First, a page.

Richard Gunderman, Indiana University
When John Keats died 200 years ago, on Feb. 23, 1821, he was just 25 years old. Despite his short life, he’s still considered one of the finest poets in the English language.
Yet in addition to masterpieces such as “Ode to a Nightingale” and “To Autumn,” Keats’ legacy includes a remarkable concept: what he called “negative capability.”
The idea – which centers on suspending judgment about something in order to learn more about it – remains as vital today as when he first wrote about it.
Keats lost most of his family members to an infectious disease, tuberculosis, that would take his own life. In the same way the COVID-19 pandemic turned the worlds of many people upside down, the poet had developed a deep sense of life’s uncertainties.
Keats was born in London in 1795. His father died in a horse-riding accident when Keats was eight years old, and his mother died of tuberculosis when he was 14. As a teenager, he commenced medical studies, first as an apprentice to a local surgeon and later as a medical student at Guy’s Hospital, where he assisted with surgeries and cared for all kinds of people.
After completing his studies, however, Keats decided to pursue poetry. In 1819, he composed many of his greatest poems, though they didn’t receive widespread acclaim during his lifetime. By 1820, he had contracted tuberculosis and relocated to Rome, where he hoped the warmer climate would help him recover. He ended up dying a year later.
Keats coined the term negative capability in a letter he wrote to his brothers George and Tom in 1817. Inspired by Shakespeare’s work, he describes it as “being in uncertainties, mysteries, doubts, without any irritable reaching after fact and reason.”
Negative here is not pejorative. Instead, it implies the ability to resist explaining away what we do not understand.
Rather than coming to an immediate conclusion about an event, idea or person, Keats advises resting in doubt and continuing to pay attention and probe in order to understand it more completely. In this, he anticipates the work of Nobel laureate economist Daniel Kahneman, who cautions against the naïve view that “What you see is all there is.”
It is also a good idea to take the time to look at matters from multiple perspectives. Shakespeare’s comedies are full of mistaken identities and misconceptions, including mixed-up genders. Keats reminds us that we are most likely to gain new insights if we can stop assuming that we know everything we need to know about people by neatly shoehorning them into preconceived boxes.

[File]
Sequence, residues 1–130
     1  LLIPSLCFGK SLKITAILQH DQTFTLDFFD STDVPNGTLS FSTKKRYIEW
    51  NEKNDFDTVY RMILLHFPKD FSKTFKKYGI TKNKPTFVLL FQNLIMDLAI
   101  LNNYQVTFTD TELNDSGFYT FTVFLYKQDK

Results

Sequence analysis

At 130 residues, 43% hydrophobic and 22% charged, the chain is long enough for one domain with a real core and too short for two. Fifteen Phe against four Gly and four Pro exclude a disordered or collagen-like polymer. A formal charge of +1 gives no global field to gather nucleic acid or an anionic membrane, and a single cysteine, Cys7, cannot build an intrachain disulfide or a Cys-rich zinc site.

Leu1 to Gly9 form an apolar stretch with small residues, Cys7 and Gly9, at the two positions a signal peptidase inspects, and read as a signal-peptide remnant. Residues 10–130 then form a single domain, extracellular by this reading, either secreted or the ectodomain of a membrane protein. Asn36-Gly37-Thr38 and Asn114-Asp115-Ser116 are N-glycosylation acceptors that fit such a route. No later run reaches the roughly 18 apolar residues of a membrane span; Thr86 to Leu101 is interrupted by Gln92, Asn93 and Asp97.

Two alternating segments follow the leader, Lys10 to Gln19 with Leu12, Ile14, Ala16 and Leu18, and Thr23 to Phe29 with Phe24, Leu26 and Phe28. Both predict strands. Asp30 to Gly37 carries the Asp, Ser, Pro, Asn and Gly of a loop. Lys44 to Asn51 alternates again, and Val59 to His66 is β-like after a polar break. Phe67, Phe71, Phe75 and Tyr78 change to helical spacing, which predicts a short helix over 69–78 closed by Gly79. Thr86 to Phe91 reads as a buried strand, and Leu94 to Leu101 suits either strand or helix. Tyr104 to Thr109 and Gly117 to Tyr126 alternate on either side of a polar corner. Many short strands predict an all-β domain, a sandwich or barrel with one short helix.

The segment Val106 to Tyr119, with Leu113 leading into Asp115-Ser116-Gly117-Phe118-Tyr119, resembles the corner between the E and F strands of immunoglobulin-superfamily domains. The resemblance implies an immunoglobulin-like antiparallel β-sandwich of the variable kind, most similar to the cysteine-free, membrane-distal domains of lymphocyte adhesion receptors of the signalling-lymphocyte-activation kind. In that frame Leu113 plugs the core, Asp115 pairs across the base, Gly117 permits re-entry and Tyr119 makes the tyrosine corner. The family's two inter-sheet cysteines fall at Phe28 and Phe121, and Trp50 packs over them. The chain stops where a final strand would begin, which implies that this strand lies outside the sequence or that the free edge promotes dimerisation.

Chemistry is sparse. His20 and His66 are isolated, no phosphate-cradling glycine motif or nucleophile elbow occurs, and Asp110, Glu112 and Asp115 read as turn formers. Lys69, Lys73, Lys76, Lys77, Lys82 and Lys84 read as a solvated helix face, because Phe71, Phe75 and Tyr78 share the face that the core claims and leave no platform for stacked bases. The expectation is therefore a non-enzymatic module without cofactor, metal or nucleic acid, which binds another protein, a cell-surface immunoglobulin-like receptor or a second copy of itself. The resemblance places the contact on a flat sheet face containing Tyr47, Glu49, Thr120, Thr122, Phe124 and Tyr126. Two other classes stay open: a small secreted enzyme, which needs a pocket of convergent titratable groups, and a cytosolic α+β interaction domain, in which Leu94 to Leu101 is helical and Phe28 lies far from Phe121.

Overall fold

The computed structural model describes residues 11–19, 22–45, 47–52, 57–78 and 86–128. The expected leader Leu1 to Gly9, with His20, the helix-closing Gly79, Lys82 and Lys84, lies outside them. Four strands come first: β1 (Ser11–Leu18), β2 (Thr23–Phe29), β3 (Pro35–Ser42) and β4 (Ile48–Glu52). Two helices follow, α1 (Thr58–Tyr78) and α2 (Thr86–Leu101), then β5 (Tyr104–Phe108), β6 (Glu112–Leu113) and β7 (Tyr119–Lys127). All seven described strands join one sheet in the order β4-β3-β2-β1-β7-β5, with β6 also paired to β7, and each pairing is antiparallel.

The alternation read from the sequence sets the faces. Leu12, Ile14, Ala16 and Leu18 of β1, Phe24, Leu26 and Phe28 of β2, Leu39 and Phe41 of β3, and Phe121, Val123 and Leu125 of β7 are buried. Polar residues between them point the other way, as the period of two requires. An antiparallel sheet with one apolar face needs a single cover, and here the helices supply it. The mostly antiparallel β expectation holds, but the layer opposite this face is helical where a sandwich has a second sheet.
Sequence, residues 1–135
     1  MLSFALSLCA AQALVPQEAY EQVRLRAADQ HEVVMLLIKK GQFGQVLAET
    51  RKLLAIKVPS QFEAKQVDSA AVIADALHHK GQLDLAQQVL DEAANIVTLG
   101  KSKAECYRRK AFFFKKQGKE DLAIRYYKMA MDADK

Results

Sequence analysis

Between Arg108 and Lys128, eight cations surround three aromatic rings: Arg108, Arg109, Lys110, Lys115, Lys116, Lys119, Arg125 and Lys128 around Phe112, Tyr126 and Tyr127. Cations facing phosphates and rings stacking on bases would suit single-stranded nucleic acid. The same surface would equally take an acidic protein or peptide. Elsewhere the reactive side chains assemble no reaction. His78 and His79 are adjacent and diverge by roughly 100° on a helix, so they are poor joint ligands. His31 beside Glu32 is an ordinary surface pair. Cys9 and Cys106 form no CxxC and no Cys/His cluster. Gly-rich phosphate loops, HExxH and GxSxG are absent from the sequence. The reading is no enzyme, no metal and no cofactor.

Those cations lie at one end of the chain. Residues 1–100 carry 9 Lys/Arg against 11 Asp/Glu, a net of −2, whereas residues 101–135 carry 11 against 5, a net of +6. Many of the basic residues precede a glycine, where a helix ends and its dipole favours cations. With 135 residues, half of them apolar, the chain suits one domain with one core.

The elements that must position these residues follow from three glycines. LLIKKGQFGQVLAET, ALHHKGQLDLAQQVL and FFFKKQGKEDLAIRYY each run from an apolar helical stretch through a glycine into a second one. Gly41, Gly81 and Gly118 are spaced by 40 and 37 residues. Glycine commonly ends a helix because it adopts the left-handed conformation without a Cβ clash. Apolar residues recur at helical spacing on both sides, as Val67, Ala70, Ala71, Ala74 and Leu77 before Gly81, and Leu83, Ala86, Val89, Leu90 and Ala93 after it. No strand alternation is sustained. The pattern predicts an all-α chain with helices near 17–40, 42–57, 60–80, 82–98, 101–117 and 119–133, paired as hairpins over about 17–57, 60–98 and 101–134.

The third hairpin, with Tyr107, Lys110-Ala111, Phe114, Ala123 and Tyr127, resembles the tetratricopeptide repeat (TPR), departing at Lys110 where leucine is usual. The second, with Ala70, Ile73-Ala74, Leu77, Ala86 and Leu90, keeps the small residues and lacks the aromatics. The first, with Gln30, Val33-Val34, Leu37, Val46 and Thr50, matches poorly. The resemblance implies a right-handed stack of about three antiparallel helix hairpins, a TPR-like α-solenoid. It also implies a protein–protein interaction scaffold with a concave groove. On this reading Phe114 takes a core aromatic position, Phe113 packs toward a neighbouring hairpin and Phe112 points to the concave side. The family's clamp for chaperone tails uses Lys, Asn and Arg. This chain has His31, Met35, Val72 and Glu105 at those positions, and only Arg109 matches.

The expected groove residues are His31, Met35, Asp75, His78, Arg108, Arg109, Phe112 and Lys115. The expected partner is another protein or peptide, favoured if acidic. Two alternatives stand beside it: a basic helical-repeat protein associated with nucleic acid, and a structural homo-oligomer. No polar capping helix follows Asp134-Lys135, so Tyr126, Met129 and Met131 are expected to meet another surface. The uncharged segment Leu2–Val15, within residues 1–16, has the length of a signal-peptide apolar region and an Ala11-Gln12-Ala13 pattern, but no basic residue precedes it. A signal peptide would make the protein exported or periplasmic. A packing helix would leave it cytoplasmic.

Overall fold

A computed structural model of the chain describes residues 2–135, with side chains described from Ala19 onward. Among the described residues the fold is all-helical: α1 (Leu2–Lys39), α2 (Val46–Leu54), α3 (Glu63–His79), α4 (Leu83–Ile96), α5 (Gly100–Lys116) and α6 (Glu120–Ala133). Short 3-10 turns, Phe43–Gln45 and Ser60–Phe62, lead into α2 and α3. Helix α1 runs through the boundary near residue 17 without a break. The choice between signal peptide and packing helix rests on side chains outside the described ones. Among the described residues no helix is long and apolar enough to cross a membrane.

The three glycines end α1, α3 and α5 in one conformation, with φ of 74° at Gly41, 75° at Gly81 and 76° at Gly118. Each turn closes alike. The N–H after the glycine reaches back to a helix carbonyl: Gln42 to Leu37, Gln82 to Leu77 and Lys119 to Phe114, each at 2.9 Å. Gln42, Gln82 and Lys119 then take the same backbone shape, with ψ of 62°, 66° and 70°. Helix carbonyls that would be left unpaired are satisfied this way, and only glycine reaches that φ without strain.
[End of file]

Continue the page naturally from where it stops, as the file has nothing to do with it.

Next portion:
Negative capability also testifies to the importance of humility, which Keats described as a “capability of submission.” As Socrates indicates in Plato’s “Apology,” the people least likely to learn anything new are the ones who think they already know it all. By contrast, those who are willing to question their own assumptions and adopt new perspectives are in the best position to arrive at new insights.
Keats believed that the world could never be fully understood, let alone controlled. In his view, pride and arrogance must be avoided at all costs, an especially apt warning as the world confronts challenges such as climate change and COVID-19.
At the same time, information technology seems to give everyone instant access to all human knowledge. To be sure, the internet is one gateway to knowledge. But it also indiscriminately spreads misinformation and propaganda, often fueled by algorithms that profit off division.
This, it goes without saying, can cloud understanding with false certainty.
And so our age is often described as polarized: women versus men, Blacks versus whites, liberals versus conservatives, religion versus science – and it’s easy to automatically lapse into the facile assumption that all human beings can be divided into two camps. The underlying view seems to be that if only it can be determined which side of an issue a person lines up on, there’s no need to look any further.
Against this tendency, Keats suggests that human beings are always more complex than any demographic category or party affiliation. He anticipates another Nobel laureate, writer and philosopher Alexander Solzhenitsyn, who wrote that instead of good guys and bad guys, the world is made up of wonderfully complex and sometimes even self-contradictory people, each capable of both good and bad:
If only it were all so simple! If only there were evil people somewhere insidiously committing evil deeds, and it were necessary only to separate them from the rest of us and destroy them. But the line dividing good and evil cuts through the heart of every human being. And who is willing to destroy a piece of his own heart?
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Uncertainty can be uncomfortable. It is often quite tempting to stop pondering complex questions and jump to conclusions. But Keats counsels otherwise. By resisting the temptation to dismiss and despise others, it’s possible to open the door to discovering traits in people that are worthy of sympathy or admiration.
They may, with time, even come to be regarded as friends.
Richard Gunderman, Chancellor’s Professor of Medicine, Liberal Arts, and Philanthropy, Indiana University
This article is republished from The Conversation under a Creative Commons license. Read the original article.